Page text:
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Science

How grocery chain Kroger aims to create hunger-free communities by 2025

Since 2018, the Zero Hunger | Zero Waste Foundation has directed more than $48 million toward the huge amount of food thrown away needlessly in the US.

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Kroger, one of the country's largest grocery store chains, is addressing food waste.

It’s no secret that food waste is doing a number on both our wallets and our planet. Food is the single largest contributor to landfills. Plus, producing all of that wasted food uses more than 20% of the U.S. supply of freshwater, and it creates as much greenhouse gas emissions as 33 million passenger cars.

As if all this weren’t bad enough, it’s awful (and absurd, really) to think that while this surplus of food literally rots, families go hungry.

Many people are taking it upon themselves to offset this issue, whether that’s incorporating everyday lifestyle changes or hosting pop-up dinners for those dealing with food insecurity. While these individual efforts are great, corporations also need to implement solutions. This is especially true considering U.S. retail stores generate about 16 billion pounds of food waste every year.

Kroger, one of the largest grocery chains in the country, established its Zero Hunger | Zero Waste Foundation back in 2018 with a simple mission in mind: to create communities free from hunger and waste by 2025.


According to the foundation’s website, “35% of food produced in the U.S. is thrown away, yet 42 million Americans struggle with hunger.” That’s why more than $48 million has been directed toward organizations and nonprofits working to address food waste—from those focused on providing disaster relief to those creating more sustainable food systems. And a huge portion of the foundation's efforts goes toward improving food access to underserved communities.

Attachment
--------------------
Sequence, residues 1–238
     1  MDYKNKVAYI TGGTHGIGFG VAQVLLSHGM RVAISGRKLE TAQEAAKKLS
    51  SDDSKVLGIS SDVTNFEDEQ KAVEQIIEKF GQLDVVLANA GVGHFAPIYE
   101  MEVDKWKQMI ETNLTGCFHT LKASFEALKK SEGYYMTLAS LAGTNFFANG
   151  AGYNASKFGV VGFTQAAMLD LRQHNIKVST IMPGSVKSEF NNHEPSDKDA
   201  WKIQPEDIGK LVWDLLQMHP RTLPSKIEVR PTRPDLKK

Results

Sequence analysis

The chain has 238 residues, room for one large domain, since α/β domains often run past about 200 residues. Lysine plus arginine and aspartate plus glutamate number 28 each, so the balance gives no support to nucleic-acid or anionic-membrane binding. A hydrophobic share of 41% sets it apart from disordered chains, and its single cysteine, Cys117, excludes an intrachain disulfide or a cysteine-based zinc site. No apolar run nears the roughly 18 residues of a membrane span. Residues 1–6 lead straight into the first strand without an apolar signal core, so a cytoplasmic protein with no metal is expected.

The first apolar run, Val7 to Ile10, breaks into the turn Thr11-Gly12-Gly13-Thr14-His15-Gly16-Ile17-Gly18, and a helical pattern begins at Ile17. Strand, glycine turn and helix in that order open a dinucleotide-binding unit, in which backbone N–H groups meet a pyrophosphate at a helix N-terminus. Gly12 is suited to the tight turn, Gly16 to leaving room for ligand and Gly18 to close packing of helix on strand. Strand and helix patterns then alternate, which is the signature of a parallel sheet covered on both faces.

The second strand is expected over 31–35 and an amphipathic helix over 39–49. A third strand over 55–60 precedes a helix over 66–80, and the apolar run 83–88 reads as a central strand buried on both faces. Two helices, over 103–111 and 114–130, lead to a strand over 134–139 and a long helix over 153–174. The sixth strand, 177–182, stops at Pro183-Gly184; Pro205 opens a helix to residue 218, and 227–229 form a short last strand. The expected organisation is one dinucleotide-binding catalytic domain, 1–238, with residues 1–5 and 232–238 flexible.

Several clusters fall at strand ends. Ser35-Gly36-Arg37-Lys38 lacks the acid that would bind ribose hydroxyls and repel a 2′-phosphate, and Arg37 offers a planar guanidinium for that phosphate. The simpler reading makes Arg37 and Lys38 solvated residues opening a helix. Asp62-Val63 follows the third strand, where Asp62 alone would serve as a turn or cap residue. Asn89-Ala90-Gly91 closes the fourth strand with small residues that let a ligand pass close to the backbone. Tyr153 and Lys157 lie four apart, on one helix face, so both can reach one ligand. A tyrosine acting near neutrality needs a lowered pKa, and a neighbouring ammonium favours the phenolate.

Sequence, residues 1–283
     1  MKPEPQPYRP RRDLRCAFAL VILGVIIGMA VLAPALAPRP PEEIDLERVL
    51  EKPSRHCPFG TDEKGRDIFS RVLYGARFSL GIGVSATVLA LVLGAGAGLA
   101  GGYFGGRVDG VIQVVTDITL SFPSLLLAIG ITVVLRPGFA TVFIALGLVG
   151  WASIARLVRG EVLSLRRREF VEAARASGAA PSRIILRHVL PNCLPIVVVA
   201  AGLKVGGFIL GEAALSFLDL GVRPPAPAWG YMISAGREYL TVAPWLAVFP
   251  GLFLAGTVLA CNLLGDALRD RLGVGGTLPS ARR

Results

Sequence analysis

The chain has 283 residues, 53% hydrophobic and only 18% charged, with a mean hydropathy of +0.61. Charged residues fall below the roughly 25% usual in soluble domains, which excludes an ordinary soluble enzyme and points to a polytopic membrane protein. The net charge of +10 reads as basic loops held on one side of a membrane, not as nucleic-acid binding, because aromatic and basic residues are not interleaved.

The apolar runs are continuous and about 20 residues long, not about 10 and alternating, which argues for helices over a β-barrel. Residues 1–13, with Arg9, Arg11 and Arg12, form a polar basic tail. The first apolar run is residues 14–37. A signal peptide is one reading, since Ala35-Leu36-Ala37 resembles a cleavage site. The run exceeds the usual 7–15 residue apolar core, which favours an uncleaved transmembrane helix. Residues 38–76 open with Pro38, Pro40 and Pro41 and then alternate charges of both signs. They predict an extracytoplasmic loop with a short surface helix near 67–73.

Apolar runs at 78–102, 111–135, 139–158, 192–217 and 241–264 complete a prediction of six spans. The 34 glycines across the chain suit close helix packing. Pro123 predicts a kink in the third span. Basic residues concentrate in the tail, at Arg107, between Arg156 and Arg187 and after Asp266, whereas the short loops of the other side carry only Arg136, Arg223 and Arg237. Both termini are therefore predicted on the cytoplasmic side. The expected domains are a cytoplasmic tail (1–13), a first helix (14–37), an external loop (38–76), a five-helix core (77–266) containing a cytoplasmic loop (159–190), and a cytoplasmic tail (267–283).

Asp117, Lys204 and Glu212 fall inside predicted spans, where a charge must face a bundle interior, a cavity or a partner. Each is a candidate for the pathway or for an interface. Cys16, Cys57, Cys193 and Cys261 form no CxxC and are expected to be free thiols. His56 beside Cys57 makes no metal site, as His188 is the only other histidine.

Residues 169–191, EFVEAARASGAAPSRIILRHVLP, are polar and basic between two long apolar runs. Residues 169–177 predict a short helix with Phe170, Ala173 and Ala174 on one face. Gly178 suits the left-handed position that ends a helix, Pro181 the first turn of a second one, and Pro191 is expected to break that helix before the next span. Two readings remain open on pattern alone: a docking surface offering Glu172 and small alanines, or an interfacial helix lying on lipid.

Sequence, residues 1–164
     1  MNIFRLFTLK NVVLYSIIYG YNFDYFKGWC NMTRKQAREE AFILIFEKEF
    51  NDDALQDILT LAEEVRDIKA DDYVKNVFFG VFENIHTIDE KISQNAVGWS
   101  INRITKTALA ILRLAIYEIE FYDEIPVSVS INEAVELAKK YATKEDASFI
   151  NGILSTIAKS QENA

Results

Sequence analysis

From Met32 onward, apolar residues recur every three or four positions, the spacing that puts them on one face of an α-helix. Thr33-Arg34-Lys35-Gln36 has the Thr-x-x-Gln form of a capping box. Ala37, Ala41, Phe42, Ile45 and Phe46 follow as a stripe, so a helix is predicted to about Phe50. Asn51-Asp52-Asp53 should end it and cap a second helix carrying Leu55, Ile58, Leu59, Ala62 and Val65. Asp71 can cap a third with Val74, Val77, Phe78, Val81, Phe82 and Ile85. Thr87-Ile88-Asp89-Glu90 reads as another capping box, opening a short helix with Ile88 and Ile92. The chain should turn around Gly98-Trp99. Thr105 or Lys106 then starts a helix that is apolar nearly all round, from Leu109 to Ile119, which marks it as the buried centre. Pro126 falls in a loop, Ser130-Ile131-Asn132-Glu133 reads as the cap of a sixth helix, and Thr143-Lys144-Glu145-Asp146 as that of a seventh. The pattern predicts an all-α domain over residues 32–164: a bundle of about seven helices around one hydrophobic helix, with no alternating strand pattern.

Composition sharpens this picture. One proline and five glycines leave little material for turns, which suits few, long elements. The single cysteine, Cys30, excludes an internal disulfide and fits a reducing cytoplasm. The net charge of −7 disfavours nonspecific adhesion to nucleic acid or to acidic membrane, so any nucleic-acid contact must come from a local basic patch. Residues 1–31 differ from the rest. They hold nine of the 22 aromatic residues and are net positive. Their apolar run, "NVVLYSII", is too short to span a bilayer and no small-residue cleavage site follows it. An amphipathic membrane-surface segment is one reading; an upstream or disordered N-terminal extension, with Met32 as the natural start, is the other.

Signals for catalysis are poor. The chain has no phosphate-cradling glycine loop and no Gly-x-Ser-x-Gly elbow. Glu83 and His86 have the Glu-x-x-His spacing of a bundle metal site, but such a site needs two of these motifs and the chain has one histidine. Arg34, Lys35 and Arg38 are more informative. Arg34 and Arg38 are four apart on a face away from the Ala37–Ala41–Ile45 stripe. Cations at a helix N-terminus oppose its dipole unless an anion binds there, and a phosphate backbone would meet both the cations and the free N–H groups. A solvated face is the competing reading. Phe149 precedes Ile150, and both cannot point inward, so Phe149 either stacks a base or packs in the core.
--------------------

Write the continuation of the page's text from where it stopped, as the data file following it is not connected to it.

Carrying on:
food waste

$11.7 million is put toward improving food access for all.

Kroger

Some of their more well-known partners in the effort include: Feeding America, No Kid Hungry, ReFED, The Recycling Partnership and the World Wildlife Fund. But Zero Hunger | Zero Waste also heavily contributes to a wide range of innovative start-ups like reHarvest Provisions, which uses imperfect produce to create "superfood smoothie pops," and Journey Foods, a software company that helps food manufacturers make their supply chains more sustainable.

“By working with specialized organizations and innovators across the country, we are strengthening community bonds to create a world where everyone has access to affordable, nutritious food and where no surplus food is wasted,” said Denise Osterhues, president of Zero Hunger | Zero Waste, in a statement. “With our collective passion … we look to the future with renewed determination and hope.”

kroger

"We look to the future with renewed determination and hope.”

Kroger

Large corporations in the past have been guilty of deflecting blame when it comes to climate change, often putting the onus on consumers to take action. But really, a meaningful impact requires that everyone take responsibility and do their part. Which makes it great that such a mega-retailer is actually acting on principle and making a real difference.

If you’re looking to support the effort, Zero Hunger | Zero Waste accepts donations (which are tax-free) on its website. Or alternatively, it suggests to round up to the nearest dollar when you check out at a Kroger store, volunteer at your local community food bank or participate in a local cleanup effort.

And if you don't have a Kroger store in your neighborhood, you can also shop at one of Kroger's store banners such as Ralphs, Dillons, Harris Teeter, or Fred Meyer.

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Music’s biggest night took place Sunday, February 4 with the 66th Annual GRAMMY Awards. Now, fans have the opportunity to take home a piece of the famed event.

Longtime GRAMMY Awards partner Mastercard is using this year’s campaign to shine a light on the environment and the Priceless Planet Coalition (PPC), a forest restoration program with the goal of restoring 100 million trees. Music fans are 1.5 times more likely to take action to help the environment, making the GRAMMY Awards the perfect opportunity to raise awareness.